Speaker: Adam Smith (Boston University)
Abstract: Consider an agency holding a large database of sensitive personal information—say, medical records, census survey answers, web searches, or genetic data. The agency would like to discover and publicly release global characteristics of the data while protecting the privacy of individuals’ records.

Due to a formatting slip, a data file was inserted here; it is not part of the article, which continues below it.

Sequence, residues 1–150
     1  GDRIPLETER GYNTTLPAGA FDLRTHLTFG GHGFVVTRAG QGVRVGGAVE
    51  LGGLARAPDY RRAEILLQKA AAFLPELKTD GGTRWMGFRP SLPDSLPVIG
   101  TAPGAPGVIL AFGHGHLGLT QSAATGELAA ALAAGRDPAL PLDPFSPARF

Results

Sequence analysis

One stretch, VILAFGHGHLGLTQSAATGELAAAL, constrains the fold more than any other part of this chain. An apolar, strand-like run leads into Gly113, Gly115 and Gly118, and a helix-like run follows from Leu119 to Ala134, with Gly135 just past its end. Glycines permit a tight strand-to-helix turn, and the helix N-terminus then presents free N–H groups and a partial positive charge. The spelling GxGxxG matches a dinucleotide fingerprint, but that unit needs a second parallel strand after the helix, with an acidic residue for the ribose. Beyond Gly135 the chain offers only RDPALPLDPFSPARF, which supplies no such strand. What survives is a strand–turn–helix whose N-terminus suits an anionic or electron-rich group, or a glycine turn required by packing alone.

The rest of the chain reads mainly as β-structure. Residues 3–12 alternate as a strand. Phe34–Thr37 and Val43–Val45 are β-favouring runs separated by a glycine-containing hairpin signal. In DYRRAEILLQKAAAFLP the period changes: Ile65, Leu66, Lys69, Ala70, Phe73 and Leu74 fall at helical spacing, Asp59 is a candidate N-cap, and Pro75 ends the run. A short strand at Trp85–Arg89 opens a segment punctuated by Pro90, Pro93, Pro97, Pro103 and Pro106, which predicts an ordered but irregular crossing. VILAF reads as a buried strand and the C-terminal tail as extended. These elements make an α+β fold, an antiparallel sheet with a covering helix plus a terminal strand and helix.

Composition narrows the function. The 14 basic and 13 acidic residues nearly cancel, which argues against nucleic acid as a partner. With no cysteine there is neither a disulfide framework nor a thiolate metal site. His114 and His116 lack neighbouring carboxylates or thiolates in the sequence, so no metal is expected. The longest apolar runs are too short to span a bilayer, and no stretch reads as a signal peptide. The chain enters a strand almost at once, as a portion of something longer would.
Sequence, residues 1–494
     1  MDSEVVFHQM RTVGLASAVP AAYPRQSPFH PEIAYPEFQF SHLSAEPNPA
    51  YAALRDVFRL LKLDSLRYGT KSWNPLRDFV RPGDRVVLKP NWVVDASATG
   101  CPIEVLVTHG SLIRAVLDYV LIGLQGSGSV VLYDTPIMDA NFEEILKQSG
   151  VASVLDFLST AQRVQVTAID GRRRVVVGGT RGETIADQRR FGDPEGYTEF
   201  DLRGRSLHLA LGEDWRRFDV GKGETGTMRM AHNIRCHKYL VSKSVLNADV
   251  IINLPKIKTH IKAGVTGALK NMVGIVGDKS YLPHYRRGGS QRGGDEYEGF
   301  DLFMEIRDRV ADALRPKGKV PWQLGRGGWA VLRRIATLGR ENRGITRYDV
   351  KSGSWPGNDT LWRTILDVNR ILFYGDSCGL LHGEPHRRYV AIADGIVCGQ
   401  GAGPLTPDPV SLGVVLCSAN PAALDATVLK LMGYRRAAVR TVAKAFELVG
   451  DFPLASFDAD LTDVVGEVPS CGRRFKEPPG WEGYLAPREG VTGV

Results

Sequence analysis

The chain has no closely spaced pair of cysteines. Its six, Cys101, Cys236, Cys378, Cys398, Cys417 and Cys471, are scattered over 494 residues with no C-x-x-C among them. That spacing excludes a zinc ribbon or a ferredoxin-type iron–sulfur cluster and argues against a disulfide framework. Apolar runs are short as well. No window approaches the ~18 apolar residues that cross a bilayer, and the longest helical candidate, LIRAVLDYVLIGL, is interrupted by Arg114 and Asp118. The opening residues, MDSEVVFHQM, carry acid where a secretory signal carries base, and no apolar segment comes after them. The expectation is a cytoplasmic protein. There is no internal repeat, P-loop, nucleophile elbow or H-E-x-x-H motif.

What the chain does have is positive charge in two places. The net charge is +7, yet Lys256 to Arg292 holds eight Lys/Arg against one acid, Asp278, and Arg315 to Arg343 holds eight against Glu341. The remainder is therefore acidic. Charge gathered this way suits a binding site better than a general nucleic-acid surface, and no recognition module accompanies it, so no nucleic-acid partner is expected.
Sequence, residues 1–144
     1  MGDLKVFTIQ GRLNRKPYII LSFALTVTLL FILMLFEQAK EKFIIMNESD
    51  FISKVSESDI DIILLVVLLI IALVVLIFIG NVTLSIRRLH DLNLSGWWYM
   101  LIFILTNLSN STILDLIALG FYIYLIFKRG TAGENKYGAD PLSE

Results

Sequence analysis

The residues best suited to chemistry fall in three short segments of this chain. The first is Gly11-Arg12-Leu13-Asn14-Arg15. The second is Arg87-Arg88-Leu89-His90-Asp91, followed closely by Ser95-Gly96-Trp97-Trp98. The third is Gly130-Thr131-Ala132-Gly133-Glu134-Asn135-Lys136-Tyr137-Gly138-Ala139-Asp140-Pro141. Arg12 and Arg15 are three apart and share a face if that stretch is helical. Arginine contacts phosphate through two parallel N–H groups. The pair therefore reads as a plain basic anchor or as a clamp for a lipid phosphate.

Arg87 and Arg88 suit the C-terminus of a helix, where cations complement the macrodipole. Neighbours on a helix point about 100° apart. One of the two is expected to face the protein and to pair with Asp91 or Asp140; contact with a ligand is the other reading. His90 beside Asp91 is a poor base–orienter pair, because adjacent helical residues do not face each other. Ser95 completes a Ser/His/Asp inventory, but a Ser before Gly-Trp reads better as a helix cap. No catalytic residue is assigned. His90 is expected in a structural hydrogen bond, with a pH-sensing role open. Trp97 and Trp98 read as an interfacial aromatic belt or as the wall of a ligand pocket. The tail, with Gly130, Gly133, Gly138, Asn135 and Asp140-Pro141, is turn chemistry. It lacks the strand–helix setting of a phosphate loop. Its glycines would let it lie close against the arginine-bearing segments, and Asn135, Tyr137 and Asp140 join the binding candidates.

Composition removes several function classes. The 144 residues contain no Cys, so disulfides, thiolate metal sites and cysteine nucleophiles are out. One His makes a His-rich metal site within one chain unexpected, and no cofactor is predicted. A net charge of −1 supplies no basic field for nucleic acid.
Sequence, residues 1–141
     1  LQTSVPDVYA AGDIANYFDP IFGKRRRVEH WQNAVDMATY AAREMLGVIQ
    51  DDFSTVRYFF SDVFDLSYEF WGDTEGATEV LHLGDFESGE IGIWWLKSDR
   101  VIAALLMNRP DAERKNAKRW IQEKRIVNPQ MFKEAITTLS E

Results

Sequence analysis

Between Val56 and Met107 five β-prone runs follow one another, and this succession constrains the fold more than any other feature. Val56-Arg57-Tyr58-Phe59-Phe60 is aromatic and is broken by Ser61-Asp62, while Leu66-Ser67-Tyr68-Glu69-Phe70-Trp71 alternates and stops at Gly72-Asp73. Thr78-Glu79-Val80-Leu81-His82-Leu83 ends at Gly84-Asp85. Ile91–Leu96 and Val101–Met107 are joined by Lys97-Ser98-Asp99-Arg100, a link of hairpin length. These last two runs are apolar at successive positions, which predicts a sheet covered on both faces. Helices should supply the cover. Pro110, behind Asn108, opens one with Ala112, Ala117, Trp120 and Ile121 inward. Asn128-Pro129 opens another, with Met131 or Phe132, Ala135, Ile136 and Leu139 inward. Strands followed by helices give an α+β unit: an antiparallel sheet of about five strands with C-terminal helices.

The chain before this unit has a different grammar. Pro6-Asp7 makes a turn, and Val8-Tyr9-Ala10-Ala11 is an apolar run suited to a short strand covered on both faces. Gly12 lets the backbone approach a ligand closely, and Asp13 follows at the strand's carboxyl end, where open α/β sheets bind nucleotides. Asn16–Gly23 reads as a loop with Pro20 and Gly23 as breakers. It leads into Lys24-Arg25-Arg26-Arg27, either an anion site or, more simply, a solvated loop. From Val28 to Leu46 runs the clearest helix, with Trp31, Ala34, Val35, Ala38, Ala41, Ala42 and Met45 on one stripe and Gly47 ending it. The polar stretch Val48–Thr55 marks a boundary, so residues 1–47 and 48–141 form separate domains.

I will discuss recent (and not-so-recent) results on this problem with a focus on the release of statistical models. I will first explain some of the fundamental limitations on the release of machine learning models—specifically, why such models must sometimes memorize training data points nearly completely. On the more positive side, I will present differential privacy, a rigorous definition of privacy in statistical databases that is now widely studied, and increasingly used to analyze and design deployed systems. I will explain some of the challenges of sound statistical inference based on differentially private statistics, and lay out directions for future investigation.